SAT-084 USE OF AN AI ALGORITHM AND MACHINE LEARNING FOR SCREENING AND EARLY DETECTION OF CHRONIC KIDNEY DISEASE

      Introduction

      Globally 840 million people suffer from chronic kidney disease (CKD). However, about 96% are unaware of the diagnosis due to the initial asymptomatic disease. Current systems are expensive or incapable of early detection of CKD. And most often the diagnosis is made after considerable renal parenchymal damage. The “Healium” pilot program is aimed at addressing this gap in early detection and screening of current CKD care. The objective of this pilot study was to develop a machine learning (ML) algorithm for detecting CKD with a limited data set from routine laboratory tests, in a low resource setting and cross-validating the accuracy with the gold standard using a test and training data set.

      Methods

      Customized software programs and clinical variables to detect CKD were programmed with machine learning (ML) developed to integrate within hospital electronic health records (EHR) and the laboratory Information system (LIS), allowing real-time flagging of CKD from lab reports and ultrasound scans during unrelated hospital visit or annual medical evaluations. Ethical clearance was obtained for the study from the hospital ethics committee.
      An initial data set was used to train our AI algorithms. We did data cleaning, feature selection, data manipulation and correlation detection from the data. Pearson’s correlation, Cramer’s V, and ANOVA tests have been used to find relationships and dependency between variables. Then an algorithm modelling and selection of the best ML method for accurate detection of CKD was performed. In the modeling stage, five machine learning algorithms were applied to the dataset to assess their ability to detect CKD which included logistic regression (LR), support vector machines (SVM), ensemble methods and neural network. At the training evaluation each model generates different outputs depending on the different values of its hyper-parameters. LR Sensitivity and specificity was found most accurate and hence it was used for inferences in the test study.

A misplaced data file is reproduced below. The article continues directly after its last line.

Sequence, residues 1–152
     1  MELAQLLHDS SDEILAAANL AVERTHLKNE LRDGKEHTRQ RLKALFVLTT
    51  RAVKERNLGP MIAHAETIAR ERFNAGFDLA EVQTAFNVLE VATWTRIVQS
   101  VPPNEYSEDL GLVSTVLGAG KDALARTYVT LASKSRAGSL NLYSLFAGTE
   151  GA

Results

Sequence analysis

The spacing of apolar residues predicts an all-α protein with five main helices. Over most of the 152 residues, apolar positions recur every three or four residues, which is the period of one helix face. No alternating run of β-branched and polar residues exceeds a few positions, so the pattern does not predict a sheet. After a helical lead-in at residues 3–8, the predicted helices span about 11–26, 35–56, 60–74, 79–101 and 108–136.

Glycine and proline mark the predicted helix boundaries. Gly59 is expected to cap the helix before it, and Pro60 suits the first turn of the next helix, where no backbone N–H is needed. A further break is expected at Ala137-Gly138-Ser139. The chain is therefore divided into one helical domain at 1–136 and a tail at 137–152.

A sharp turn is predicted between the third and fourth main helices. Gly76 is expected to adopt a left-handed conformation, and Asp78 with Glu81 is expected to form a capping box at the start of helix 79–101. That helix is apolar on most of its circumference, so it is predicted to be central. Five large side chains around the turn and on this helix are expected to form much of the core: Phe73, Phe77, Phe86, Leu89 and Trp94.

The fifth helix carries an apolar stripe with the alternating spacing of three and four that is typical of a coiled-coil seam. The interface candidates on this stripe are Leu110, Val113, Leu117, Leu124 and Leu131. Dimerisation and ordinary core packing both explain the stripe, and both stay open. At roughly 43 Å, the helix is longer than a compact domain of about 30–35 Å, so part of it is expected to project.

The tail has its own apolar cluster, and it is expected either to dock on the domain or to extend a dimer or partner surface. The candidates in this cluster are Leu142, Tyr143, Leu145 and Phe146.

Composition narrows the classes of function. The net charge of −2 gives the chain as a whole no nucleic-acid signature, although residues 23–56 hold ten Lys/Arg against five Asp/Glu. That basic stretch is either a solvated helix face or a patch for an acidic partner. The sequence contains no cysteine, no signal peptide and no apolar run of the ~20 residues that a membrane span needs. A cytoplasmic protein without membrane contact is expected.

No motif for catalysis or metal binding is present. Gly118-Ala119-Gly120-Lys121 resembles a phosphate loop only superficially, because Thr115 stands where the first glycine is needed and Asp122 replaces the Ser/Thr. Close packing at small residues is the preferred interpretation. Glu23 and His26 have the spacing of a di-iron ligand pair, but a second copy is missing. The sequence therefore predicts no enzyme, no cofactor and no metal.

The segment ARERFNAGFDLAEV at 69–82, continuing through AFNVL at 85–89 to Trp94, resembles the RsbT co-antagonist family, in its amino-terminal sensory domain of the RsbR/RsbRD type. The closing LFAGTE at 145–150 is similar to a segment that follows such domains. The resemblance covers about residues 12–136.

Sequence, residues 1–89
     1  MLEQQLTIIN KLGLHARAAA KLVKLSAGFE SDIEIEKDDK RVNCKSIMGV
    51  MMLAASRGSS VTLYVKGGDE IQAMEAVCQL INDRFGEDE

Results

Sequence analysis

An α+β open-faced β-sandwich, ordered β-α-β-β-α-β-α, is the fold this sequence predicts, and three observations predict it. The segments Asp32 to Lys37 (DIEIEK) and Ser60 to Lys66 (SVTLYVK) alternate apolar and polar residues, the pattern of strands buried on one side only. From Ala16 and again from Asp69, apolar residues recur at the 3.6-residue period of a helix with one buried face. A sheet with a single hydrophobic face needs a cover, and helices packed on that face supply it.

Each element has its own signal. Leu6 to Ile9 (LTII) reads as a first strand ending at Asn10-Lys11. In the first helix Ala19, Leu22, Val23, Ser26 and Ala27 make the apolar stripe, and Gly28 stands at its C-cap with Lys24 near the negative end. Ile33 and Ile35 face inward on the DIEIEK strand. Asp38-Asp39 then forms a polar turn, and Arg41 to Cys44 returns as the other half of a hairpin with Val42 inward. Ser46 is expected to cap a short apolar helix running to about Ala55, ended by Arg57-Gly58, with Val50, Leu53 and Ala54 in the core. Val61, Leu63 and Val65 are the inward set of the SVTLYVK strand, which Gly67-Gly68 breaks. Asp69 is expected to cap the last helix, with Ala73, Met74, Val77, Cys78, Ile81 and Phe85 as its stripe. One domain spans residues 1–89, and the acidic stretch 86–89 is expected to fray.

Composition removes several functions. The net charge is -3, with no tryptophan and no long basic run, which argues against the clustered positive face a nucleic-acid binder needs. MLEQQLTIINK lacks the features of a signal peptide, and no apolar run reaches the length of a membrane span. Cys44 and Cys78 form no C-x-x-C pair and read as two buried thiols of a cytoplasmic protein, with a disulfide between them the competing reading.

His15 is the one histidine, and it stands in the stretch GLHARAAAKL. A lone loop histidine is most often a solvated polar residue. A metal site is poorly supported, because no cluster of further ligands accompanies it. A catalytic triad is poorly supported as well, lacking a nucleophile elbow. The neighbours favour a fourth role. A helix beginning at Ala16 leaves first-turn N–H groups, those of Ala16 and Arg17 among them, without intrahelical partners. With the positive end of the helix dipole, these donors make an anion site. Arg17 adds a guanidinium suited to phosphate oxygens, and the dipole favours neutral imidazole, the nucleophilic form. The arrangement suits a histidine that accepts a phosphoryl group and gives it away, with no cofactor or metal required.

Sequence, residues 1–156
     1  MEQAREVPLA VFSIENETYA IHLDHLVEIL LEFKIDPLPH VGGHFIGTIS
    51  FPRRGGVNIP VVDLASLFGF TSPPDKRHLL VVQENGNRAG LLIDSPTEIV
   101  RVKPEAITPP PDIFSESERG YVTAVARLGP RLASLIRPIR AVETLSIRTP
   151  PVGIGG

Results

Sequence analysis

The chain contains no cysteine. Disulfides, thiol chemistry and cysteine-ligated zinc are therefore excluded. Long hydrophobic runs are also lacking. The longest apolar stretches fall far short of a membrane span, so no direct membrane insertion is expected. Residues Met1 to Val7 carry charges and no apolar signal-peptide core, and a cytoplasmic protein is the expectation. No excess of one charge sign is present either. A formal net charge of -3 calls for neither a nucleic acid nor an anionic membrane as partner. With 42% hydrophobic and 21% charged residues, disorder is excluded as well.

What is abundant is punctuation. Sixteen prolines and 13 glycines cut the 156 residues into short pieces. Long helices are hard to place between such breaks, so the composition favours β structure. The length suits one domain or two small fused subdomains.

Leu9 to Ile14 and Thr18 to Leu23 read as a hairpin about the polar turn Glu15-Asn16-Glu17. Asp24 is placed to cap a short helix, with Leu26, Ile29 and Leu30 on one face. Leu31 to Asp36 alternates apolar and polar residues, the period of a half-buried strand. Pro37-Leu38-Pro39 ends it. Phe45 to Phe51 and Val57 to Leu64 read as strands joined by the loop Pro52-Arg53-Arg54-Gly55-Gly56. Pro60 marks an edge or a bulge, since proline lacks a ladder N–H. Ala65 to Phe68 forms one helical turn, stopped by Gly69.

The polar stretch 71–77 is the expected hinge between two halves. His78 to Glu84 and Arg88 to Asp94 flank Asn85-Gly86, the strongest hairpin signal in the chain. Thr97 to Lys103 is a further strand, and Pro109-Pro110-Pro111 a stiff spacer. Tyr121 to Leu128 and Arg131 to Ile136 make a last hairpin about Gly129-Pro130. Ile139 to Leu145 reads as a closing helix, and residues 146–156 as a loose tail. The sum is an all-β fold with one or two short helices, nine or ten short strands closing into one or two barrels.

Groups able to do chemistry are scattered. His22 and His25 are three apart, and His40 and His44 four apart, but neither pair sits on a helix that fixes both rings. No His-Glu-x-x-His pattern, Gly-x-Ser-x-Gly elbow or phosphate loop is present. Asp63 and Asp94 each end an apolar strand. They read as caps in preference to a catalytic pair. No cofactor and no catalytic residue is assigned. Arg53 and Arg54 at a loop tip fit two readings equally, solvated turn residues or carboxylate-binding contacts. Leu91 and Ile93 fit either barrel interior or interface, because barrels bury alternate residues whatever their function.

Test data included 32 patients (unlabelled and anonymised) uploaded to Healium AI with basic parameters (without albumin or serum creatinine data) and analysed by the Healium Algorithm (proprietary LR model) and results were recorded. Similarly, gold standard eGFR calculation all the patients were analysed by nephrologist and results were recorded.

      Results

      A total of 32 patients were screened using the system. Using the conventional eGFR method, 26 patients were detected CKD and 6 patients were detected non-CKD. While the Healium AI algorithm detected 24 positive CKD and 8 non-CKD patients from among the same screened patients. AI System has shown 92% of sensitivity and 75% specificity for detecting CKD in routine unrelated hospital visits.

      Conclusions

      We have demonstrated efficacy in overcoming the large gap addressing early detection and screening of current CKD care from routine hospital visits. This has encouraging implications for use across all hospitals with minimal EHR or LIS in low resource settings for early diagnosis and prevention of progression of renal disease.